and it can and it kind of anything can bring it on so however long it takes I’m
gonna sit out here and wait until she poops I haven’t checked for gut sounds
yet that’s that’s next nice to see that she was interested in a little bit of
the grain that was on floor but she’s wanting lay down again so she’s gonna
try to lay down and I’ll just encourage her to get back up and if if she starts
doing this too much where she’s wanting to lay down I’ll take her up to the
arena and go for a walk she clearly doesn’t feel quite right so I give big
kudos to my friend Nikki for for noticing that earlier that’s really
great that she notice that something just wasn’t right and let me know this
is one of the scariest things that horse owners have to deal with because there’s
really not a lot of answers as far as colic is concerned like what could
potentially cause it if this got to the point where I didn’t feel like I could
keep her comfortable I would call the vet I am taking every step needed to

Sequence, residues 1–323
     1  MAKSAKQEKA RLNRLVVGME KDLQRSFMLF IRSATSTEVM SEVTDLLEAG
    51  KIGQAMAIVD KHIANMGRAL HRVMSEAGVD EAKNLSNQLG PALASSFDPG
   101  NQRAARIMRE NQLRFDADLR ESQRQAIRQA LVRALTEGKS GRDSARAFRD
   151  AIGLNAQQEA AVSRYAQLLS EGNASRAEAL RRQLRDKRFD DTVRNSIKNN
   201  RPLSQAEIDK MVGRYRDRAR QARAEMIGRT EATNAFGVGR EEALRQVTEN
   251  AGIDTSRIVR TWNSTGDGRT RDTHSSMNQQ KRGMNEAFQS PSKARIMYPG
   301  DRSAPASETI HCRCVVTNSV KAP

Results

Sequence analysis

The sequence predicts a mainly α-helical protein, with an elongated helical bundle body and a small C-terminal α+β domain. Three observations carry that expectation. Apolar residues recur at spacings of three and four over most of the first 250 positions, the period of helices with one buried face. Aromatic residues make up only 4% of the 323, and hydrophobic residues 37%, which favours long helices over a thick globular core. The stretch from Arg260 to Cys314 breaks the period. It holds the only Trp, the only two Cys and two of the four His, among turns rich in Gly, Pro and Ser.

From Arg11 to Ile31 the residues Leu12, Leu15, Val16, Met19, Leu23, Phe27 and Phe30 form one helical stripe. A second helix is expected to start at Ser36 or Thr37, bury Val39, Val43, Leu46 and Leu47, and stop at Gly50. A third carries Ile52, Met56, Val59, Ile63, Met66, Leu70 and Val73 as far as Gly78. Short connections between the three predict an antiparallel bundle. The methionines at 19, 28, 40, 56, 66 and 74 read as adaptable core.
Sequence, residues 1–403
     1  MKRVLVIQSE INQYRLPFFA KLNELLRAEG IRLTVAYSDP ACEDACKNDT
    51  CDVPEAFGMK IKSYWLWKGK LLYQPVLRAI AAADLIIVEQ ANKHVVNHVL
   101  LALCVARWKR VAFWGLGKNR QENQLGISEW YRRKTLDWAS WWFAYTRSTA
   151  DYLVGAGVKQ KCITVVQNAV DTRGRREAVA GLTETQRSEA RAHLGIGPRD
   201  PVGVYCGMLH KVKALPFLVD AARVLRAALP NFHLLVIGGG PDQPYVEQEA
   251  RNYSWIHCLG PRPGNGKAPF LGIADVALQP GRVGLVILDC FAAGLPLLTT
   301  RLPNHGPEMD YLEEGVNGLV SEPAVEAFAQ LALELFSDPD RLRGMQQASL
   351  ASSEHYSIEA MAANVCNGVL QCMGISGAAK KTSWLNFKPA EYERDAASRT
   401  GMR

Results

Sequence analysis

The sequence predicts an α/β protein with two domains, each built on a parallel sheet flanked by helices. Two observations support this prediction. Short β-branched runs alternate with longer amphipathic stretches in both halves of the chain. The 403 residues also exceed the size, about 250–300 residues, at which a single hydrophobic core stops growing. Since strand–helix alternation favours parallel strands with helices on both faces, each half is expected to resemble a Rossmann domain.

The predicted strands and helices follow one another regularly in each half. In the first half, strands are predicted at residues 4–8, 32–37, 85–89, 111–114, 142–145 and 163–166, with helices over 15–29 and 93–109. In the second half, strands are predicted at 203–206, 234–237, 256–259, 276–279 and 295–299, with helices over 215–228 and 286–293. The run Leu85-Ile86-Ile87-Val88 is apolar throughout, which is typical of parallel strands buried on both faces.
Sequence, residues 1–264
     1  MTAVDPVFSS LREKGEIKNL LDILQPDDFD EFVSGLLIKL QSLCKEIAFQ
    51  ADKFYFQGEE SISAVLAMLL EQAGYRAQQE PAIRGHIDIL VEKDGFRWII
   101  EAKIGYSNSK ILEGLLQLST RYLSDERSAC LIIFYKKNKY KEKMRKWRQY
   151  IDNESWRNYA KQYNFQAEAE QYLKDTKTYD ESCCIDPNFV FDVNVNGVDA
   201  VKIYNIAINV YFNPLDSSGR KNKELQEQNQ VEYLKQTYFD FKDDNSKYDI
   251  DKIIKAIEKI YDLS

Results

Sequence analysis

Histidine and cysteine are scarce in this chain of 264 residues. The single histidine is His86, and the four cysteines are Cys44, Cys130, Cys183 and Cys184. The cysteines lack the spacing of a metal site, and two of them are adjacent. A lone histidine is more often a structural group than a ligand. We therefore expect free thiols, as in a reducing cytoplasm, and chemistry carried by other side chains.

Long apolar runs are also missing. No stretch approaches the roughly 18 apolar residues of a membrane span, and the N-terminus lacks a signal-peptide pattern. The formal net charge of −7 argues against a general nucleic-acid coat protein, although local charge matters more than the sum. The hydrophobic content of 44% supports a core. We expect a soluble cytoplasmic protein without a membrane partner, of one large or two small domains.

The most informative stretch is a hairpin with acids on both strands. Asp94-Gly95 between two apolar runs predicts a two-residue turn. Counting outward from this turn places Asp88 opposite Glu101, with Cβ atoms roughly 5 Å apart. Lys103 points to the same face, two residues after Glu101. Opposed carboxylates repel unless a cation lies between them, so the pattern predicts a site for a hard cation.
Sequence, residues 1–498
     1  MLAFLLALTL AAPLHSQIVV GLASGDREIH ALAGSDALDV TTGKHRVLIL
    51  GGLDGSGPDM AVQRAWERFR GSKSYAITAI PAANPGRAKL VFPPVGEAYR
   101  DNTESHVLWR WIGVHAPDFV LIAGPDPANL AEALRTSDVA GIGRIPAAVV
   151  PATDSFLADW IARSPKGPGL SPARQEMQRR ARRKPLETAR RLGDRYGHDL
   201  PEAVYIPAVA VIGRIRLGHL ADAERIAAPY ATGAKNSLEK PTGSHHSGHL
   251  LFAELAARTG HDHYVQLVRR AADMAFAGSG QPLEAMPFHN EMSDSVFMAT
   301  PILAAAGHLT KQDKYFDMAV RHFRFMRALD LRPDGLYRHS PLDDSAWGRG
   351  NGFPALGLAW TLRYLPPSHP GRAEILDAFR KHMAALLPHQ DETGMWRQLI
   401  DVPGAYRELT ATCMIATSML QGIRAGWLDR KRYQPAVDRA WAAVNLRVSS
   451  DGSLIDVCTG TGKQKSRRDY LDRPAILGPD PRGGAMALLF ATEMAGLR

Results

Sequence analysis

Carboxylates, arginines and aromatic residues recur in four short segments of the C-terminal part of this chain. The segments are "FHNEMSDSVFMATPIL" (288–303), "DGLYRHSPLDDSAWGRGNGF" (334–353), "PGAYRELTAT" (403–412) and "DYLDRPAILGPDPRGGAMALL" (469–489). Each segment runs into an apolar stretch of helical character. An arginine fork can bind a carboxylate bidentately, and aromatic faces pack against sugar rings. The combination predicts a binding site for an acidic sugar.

make sure that she’s gonna be alright but if she were dropping on the ground
and thrashing my vet would have been called a long time ago colic is
something that has the most whole gray area of anything to do with horses I
think and as a horse community we need to sort of all come together and help
each other and I’m really thankful that I’ve got so much support in my area as
far as you know if I have questions about things or if I need to talk to a
vet time I’m only a phone call away and that’s
really good feeling but so what I want to know though is how many of you have
dealt with colic in a horse before if you have please comment below and share
your experience you know what were the science what what happened that could
have led up to it you know help educate us and we’re